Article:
After some cigarettes, I went out for an evening stroll, and as soon as I gained the street there were unmistakable signs that something extraordinary had happened, though, not speaking Russian, I was unable to ascertain. Intelligence of some description had spread like wildfire and was causing a terrible sensation, for from mouth to mouth ominous news was whispered with bated breath, conversations were being carried on in an undertone, heads were shaken mysteriously, and newspapers rapidly scanned, which all tended to confirm my suspicion that something had occurred.

Such a stir had not been created in the capital for many years, and that night the streets presented a scene of panic that impressed itself indelibly upon my memory.

When I returned to the hotel I chanced to be walking upon the opposite side of the street, and glancing up, before crossing, saw what caused me to start in surprise. Though the lamp in my sitting-room was alight, the blind was not drawn, the brilliant illumination within causing the wax roses to stand out in bold relief in the window—so bold, indeed, that they could be plainly seen from the most distant part of the great square.

That they were placed there for some purpose I was convinced—what did they mean?

I retired to rest as usual, but could not close my eyes for thinking of the strange episode. There seemed an air of mystery about the whole place that I did not like.

Several minor matters now occurred to me of which, at the time they happened, I thought nothing; yet as I lay thinking I confess I began to wish myself anywhere but in St Petersburg. Throughout, there had been so much that was incomprehensible, and I had been so sorely puzzled, that I felt a fervent desire to give up, and seek no further elucidation of the riddle from Vera.

The bells of the Izak Church had broken the silence of the night, chiming the hour of three, as I lay dozing, when suddenly there came a sharp rapping at the door, and voices demanding admittance.

My first impression was that the hotel was on fire, but on throwing open the door, Troshchanskiy and two other men entered.

"What is the meaning of this?" I demanded.

"Hist! m'sieur," he replied, laying his finger upon his lips, indicative of silence. Then he said in a low voice:

"Quick! Prepare yourself for a journey; the police are on their way here, and will arrest you! Make your escape, now you have time."

"What?" I cried, rubbing my eyes to make certain I was not dreaming. "To arrest me! What for, pray?"

"M'sieur must be aware. Lose no time, you must get out of Russia at once, or all will be lost," he said in a loud whisper, while the other men gave vent to some ejaculations in Russian.

"I have committed no crime," I said, "and I certainly shall not fly from here like a thief. The police may come, and I will welcome them."

"Fly! fly!" urged the man, with a look of alarm upon his face; "fly for Vera Seroff's sake!"

"What has she to do with this?" I asked eagerly.

"You know, m'sieur; you know. It will place her in deadly peril if you are arrested. Fly, while there is still time."

"But the police cannot touch me; I have no fear of them," I remarked, just as a thought suddenly occurred to me.

Where was my passport, that paper without which no one in Russia is safe, not even Russians themselves? I took up my coat and felt in the inner pocket where I constantly kept it.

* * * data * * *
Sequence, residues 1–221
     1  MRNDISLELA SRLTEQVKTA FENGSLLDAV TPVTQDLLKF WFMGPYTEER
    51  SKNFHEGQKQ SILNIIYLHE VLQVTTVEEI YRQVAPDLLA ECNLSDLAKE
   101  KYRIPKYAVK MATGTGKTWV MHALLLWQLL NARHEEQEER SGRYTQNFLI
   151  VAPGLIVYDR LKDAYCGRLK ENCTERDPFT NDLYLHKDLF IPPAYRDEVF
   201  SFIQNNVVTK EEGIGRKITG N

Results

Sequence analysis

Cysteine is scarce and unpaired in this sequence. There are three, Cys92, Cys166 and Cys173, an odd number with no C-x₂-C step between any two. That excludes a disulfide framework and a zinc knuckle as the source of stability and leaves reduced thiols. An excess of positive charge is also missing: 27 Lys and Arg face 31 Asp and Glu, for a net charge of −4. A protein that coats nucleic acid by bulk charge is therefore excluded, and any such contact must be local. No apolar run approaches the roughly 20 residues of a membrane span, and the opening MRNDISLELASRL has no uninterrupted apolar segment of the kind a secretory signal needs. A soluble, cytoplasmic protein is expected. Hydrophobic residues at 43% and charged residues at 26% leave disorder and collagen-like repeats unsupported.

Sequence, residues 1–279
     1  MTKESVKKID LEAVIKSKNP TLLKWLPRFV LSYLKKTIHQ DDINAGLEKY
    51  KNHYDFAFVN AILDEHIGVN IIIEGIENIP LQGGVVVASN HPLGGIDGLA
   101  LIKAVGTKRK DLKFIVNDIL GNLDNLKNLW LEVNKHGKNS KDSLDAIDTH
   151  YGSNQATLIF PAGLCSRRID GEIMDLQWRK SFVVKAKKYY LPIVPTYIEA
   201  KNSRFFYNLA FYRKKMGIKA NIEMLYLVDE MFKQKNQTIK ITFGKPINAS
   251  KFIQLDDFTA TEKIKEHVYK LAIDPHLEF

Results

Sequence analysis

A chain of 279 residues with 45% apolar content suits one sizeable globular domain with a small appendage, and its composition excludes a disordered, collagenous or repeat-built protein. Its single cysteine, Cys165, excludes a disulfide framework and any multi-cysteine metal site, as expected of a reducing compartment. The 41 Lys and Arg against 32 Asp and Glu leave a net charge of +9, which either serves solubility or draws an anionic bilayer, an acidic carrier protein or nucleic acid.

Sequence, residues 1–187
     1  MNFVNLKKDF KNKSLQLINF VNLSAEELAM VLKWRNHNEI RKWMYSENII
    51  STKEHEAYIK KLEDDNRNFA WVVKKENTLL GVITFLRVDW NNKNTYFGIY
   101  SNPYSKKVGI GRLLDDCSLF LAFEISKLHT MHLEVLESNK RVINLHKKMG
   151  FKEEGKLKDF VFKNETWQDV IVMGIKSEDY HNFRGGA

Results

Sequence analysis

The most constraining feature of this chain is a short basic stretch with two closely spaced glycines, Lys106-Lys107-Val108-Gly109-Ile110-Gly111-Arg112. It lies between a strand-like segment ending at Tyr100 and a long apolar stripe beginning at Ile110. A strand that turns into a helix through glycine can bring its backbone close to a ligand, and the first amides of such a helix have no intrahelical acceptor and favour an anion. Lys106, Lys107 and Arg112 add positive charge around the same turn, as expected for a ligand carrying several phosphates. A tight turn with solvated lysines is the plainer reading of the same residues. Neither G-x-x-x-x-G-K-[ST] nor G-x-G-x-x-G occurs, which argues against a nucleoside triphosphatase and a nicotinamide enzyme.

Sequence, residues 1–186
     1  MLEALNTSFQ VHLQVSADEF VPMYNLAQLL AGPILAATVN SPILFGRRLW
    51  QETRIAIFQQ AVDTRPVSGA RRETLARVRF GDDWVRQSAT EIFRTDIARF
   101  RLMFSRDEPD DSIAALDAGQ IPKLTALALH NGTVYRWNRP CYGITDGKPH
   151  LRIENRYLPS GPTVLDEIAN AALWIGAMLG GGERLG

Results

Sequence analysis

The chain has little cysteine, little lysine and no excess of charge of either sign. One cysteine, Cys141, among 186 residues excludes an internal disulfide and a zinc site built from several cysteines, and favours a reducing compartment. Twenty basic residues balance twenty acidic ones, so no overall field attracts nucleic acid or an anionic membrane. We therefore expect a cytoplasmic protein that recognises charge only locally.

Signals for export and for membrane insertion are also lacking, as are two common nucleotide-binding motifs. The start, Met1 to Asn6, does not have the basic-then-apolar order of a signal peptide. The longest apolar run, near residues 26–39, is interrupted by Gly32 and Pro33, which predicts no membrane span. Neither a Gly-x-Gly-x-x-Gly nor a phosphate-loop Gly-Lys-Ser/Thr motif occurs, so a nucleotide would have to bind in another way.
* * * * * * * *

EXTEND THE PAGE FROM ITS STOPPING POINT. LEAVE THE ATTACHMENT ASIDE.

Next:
It was gone!

My valise, the pockets of other coats, every hole and corner I investigated, but found it not. It was evidently lost or stolen!

Then a thought crossed my mind.

"Take our advice, m'sieur; dress and escape," said Troshchanskiy, persuasively.

"No, I will not," I cried angrily. "I see this is a plot to extort money—or something. My passport has been stolen, and I shall myself inform the police to-morrow, and also of my suspicions regarding this house."

"Diable!" he ejaculated, in the utmost alarm, as at that moment there was a sound of a door opening and heavy footsteps below!

"Hark! They are here! It is too late."

I opened my lips to reply, but no sound came from them. I have a faint recollection of a sponge being dashed into my face by one of the hotel-keeper's companions, then came a strange, even delightful sensation of giddiness, a confused murmur of voices, of music, of pleasant sounds,—and all was blank.

I had been drugged.


A TERRIBLE, excruciating headache of maddening intensity, a violent throbbing, as if molten lead were being injected into my skull; a horrible pain through my eyes and temples like the pricking of red-hot needles.

I tried to think, but could remember nothing distinctly; I was only conscious of frightful agony. To all else I was oblivious. Where I was, or what were my surroundings, I knew not.

My mind was wandering, my reason giving way, for suddenly I felt a sensation as if the burning in my head had been succeeded by an icy coldness which seemed to freeze my senses; and then, as suddenly, I felt as if I were being borne along in mid-air, floating higher and higher into space, then down, down, into depths too terrible to contemplate. In a moment I should be dashed to pieces. I felt I was falling and utterly unable to save myself.

The sensation was awful.

One moment I fancied I was in London, amid old associations and boon companions, the next I seemed in some out-of-the-way place, lonely and forgotten. Presently I saw the grave, beautiful face of Vera, and then it gave place to that of a middle-aged man, whose sinister features puckered into a hideous mocking smile.

I tried to collect my thoughts, to shape them, to think; but it was no use.